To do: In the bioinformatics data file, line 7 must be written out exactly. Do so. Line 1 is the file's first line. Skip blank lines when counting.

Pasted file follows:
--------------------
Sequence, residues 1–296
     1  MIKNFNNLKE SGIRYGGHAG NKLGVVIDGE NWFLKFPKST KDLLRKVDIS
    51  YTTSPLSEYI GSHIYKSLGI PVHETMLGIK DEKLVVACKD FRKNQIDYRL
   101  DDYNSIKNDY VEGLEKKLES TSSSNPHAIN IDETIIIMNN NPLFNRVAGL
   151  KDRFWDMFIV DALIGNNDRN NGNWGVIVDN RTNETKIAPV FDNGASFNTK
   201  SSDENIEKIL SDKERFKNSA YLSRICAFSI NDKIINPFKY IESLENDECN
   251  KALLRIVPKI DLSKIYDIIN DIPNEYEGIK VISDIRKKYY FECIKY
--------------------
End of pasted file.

   251  KALLRIVPKI DLSKIYDIIN DIPNEYEGIK VISDIRKKYY FECIKY